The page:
A study was done in China that studied the adoption of electric vehicles (EV) and projected sales trend. “Penetrations of EV can lower health-impairing pollutants and greenhouse emissions, thereby providing sources of domestic employment and investment.” [5] It should be the goal of any governing body of a people to do an action that promotes the health and saves lives of those people. Promoting EV use and having them become prevalent in a society has the direct effect which has been proven by many studies, of saving lives. It also creates jobs and investment in the economy, another purpose of government. “Our results of EV sales show rising trend, corresponding with that in the U.S. and U.K. Yet the numerical result is bigger due to the large vehicle fleets that China already has.” [5] The data show that people are responding to this growing phenomena by actively buying EVs. If the consumer is reacting to EVs by buying them, it shows a growing market that should be invested in and expanded further while it grows. Now is the time to do so. “For policy makers, incentive strategies can be formulated based on the multivariate models, such as subsidies, tax adjustment, and employment encouragements.” [5] Incentivizing the economy is imperative in order to fully exploit the benefits of the market. Instead of subsidizing an overproduction of corn and wheat, the government can shift a portion of these subsidies towards the green economy in the form of tax breaks and active employment marketing. “Thus, improvements made to reduce full social lifetime cost is a direct incentive for the boost of EV market, including the size and lifetime of key components (i.e., batteries, electric motors), the cost of key materials (i.e., lithium, platinum and membrane) and the maintenance and repair requirements…usually, incentive policies include the subsidy-based and the tax-based policies. The former include purchase, charging as well as maintenance subsidies.” [5] If these EVs can provide users with a reduction in “full social lifetime cost[s]” then businesses and individuals will make that switch, and feel good doing it. Right now, the costs are very high, and the better-off portion of society only has access to these EVs. If the price drops, due to a change in government policy towards subsidizing the green economy (which would be in line with the Paris Climate Change Summit’s overall goal), then more of the common everyday commuters will go out and buy EVs.  “Enhancing the recharging infrastructure, and the availability of fast-charging points is another direct incentive. A potential buyer will not purchase an EV unless he/she is assured of having constantly-available charging places.” [5] With firms naturally profit maximizing, big oil companies will make the switch if the EV market is profitable enough. This will in turn prompt them to convert their gas stations into electric charging stations, or at least add on to their current gas stations an electric charging station. Making these available and synonymous with gas pump prevalence will encourage more EV buyers. “Other incentives include urban sprawl control and lane access that are specially designed for EV; free parking or electricity; exemption of emissions test; and better insurance products.” [5] Even developing houses far from the city centers will be encouraged, which creates the problem of promoting an agenda of inefficient dispersion, as oppose to efficient concentration (sprawl). Urban sprawl also creates more emission problems, and EV use can help reduce these effects and would be a less expensive way of doing so as oppose to moving houses. Insurance cuts to EV buyers can also lead to encouragement of EV use, with clients making an active switch in order to save money in the long run.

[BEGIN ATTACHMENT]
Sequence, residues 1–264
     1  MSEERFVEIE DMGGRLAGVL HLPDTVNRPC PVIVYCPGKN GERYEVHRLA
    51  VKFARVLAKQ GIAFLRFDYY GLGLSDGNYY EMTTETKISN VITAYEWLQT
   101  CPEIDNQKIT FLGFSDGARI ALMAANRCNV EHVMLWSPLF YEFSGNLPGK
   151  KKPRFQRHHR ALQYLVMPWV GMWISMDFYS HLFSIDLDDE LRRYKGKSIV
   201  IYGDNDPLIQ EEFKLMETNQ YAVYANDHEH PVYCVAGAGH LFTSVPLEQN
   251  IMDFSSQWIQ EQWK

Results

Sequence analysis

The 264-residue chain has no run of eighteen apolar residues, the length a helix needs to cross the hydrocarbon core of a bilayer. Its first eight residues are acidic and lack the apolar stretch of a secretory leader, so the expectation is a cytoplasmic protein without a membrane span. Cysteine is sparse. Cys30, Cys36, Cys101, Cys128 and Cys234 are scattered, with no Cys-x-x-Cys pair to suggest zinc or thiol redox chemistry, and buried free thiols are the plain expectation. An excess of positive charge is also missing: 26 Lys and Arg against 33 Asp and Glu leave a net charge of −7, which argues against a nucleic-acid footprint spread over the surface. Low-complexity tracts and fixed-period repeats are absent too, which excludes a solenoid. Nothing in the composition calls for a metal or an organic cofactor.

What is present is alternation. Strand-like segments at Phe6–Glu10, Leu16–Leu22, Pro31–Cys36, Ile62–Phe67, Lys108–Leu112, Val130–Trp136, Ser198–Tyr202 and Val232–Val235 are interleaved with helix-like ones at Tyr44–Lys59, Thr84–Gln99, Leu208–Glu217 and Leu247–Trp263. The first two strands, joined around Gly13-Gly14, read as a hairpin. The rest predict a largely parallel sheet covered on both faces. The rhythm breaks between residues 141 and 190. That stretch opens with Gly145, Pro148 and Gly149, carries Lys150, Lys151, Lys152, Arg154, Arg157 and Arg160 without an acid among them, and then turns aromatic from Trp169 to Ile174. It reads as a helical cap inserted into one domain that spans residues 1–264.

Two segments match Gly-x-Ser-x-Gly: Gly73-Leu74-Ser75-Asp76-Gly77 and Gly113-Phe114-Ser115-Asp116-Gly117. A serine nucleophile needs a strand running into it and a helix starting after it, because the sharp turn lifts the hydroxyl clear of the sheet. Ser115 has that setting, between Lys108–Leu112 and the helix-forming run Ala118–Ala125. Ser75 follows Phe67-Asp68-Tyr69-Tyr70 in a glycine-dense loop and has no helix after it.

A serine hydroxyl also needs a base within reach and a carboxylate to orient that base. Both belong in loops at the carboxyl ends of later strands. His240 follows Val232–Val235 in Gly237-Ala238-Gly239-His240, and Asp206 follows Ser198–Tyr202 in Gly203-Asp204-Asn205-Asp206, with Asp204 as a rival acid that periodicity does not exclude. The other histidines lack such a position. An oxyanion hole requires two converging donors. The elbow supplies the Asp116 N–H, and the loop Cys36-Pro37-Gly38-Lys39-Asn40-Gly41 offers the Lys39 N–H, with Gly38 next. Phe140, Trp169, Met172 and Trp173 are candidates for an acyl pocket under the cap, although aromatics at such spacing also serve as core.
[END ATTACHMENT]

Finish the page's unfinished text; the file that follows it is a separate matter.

Climate change will not be solved without governments playing an active role. Delays in this process will only exacerbate the inevitable problems that will come. The data is there. Mobilizing the green economy, which is already showing powerful signs with a lack of government incentivizing; Imagine with the government backing it. The change will only hurt the lobbying interests of fossil fuels. According to the World Health Organization, “Ambient (outdoor air pollution) in both cities and rural areas was estimated to cause 3 million premature deaths worldwide in 2012.” [6] We must meet this growing pandemic by nothing but impactful action and just policy making that meet the needs of the people, and help them make choices that better their situations.

 

Work Cited

 

[1] Agence France-Presse. “World Bank Will No Longer Finance Oil, Gas Projects from 2019.” South China Morning Post, 12 Dec. 2017, http://www.scmp.com/news/world/europe/article/2124040/world-bank-will-no-longer-finance-oil-gas-projects-2019-pressure.